Apply Soon for AGI Award for K-8 Earth Science Teaching

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ALEXANDRIA, Va. — Because teachers play a vital role in preparing the next generation of geoscience professionals and leaders, the American Geosciences Institute (AGI) invites qualified science educators to enter its competition for the 2024 Edward C. Roy Jr. Award for Excellence in K-8 Earth Science Teaching. The award is given in honor of Dr. Edward C. Roy Jr., a strong and dedicated supporter of Earth science education.

Given annually, this award honors one teacher of students ranging from kindergarten through grade eight in the United States or Key stages 1-3 in the United Kingdom. The award recognizes leadership and innovation in Earth science education.

Entrants are asked to submit an application packet including a curriculum vitae or resume, letters of recommendation, an essay, and an exemplary Earth system science lesson plan, preferably that they have implemented in their instruction. Submissions are stronger if they address current trends in Earth science education.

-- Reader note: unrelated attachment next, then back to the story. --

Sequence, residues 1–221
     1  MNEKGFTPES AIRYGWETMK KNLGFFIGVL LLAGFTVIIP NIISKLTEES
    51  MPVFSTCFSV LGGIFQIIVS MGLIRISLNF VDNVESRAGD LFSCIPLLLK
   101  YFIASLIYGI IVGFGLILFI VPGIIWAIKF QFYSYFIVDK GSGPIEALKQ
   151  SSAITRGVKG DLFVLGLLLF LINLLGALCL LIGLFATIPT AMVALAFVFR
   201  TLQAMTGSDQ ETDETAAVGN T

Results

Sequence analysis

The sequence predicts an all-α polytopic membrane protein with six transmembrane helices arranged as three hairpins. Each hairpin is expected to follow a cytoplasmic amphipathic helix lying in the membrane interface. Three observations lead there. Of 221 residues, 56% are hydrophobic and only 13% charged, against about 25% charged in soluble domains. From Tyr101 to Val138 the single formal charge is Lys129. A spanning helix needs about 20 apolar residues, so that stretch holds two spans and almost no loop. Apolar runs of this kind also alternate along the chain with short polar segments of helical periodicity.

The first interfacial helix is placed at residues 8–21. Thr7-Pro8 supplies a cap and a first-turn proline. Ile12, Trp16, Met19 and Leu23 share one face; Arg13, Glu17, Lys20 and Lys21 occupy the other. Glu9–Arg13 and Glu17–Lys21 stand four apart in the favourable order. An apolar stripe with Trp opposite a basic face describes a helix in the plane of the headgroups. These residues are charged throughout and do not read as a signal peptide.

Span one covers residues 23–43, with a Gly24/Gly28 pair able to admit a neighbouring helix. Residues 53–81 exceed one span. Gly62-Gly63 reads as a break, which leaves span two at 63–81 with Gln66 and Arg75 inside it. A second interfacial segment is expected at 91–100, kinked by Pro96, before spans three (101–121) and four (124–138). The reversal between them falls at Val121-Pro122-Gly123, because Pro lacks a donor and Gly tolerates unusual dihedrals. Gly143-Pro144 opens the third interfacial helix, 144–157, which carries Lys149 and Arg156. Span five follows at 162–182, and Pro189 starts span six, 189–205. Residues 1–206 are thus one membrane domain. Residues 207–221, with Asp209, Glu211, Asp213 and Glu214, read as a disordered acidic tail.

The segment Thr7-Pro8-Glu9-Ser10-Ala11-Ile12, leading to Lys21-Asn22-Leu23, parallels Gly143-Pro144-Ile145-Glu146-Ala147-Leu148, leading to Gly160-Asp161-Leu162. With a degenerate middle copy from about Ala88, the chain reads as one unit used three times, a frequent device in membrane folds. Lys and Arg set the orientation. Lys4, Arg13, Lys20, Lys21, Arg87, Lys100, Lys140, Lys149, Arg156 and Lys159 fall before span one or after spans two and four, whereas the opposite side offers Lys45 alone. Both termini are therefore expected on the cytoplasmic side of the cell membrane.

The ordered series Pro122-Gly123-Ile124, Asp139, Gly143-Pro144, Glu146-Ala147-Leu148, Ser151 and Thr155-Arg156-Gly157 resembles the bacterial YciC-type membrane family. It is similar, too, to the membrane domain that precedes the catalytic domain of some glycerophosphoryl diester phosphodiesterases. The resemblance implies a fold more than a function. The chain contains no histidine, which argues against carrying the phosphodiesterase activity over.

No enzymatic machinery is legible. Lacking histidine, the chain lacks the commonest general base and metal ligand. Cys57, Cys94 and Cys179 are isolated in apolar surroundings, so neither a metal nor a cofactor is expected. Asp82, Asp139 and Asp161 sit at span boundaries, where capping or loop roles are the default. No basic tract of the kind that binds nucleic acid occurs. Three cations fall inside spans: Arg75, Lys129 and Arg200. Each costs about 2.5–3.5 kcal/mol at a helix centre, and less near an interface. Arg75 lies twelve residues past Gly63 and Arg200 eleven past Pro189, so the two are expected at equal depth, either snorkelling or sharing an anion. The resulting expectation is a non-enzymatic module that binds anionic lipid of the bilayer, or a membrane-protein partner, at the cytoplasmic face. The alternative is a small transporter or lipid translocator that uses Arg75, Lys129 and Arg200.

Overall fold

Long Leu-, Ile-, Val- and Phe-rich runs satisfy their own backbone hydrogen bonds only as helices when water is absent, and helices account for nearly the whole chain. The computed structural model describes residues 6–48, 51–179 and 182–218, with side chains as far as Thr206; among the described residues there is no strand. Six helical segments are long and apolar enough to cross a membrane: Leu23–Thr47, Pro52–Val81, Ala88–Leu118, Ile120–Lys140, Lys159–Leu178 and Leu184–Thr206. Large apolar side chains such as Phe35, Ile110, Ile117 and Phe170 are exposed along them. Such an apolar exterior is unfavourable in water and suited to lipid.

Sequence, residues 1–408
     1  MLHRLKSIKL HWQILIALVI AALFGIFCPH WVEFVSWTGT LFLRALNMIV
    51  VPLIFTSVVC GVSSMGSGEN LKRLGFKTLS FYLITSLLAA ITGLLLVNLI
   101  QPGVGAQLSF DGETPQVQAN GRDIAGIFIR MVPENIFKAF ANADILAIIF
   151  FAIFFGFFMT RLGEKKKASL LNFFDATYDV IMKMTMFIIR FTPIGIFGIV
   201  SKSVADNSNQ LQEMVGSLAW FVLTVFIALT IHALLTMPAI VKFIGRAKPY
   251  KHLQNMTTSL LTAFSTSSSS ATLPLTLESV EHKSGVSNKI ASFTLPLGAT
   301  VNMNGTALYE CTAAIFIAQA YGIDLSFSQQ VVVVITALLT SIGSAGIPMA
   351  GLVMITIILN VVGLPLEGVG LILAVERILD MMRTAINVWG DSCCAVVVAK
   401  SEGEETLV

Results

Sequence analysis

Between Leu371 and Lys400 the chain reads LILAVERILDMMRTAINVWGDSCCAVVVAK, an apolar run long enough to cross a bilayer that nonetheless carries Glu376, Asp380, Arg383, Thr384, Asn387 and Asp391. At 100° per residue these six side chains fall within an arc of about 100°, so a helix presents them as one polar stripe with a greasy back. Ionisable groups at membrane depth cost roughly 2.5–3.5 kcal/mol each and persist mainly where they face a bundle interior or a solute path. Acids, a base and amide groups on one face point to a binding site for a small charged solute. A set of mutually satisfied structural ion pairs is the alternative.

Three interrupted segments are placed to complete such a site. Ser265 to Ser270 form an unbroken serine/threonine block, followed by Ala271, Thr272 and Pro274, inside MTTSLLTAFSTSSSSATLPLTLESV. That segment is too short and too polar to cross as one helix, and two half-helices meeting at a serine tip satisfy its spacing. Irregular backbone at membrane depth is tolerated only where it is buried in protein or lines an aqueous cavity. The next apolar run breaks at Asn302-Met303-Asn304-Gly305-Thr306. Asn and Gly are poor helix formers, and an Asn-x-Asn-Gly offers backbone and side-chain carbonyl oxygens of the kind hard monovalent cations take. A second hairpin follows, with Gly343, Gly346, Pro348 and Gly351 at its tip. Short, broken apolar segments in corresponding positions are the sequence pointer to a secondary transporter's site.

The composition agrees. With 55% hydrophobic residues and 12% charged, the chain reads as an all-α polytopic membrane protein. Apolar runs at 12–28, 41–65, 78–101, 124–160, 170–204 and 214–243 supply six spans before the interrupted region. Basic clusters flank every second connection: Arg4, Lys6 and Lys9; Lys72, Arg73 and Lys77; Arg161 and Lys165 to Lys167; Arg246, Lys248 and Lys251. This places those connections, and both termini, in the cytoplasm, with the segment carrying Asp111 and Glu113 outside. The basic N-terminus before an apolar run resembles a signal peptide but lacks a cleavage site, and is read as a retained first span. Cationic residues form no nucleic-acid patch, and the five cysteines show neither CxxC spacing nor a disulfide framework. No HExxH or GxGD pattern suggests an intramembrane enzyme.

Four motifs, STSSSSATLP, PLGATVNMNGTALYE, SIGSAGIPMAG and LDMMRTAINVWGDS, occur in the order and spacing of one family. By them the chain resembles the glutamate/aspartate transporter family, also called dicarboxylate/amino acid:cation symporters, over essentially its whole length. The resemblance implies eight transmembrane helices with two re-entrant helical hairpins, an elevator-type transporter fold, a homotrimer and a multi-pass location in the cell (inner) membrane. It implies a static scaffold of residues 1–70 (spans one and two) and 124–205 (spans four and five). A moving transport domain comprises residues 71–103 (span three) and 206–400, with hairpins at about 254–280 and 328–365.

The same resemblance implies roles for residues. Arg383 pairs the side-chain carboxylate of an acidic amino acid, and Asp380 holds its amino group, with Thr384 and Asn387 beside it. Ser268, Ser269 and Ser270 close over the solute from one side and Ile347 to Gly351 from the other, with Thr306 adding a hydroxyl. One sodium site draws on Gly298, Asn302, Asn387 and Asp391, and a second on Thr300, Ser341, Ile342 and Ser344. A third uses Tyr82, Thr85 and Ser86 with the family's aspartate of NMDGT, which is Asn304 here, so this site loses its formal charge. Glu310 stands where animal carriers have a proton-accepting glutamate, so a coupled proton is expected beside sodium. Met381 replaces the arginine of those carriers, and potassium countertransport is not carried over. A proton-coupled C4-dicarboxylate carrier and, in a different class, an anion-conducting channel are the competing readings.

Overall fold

The winner of the Roy Award will receive a monetary prize of $2,500 and a travel grant of up to $1,500 to attend the upcoming National Science Teaching Association National Conference in spring of 2024. To be eligible, applications must be submitted by January 12, 2024.

Teachers may apply themselves or may be nominated by a colleague. For more information on requirements, application procedures, and deadlines, please visit Edward C. Roy Jr. Award for Excellence in K-8 Earth Science Teaching and/or view a brief webcast. If you are interested in nominating a teacher for this award, please send us their name and email address. Questions and nominations may be directed to

About AGI
The American Geosciences Institute (AGI), a federation of scientific and professional associations representing over a quarter-million geoscientists, is a nonprofit 501(c)(3) organization dedicated to serving the geoscience community and addressing the needs of society. AGI headquarters are in Alexandria, Virginia.
Geoff Camphire, Communications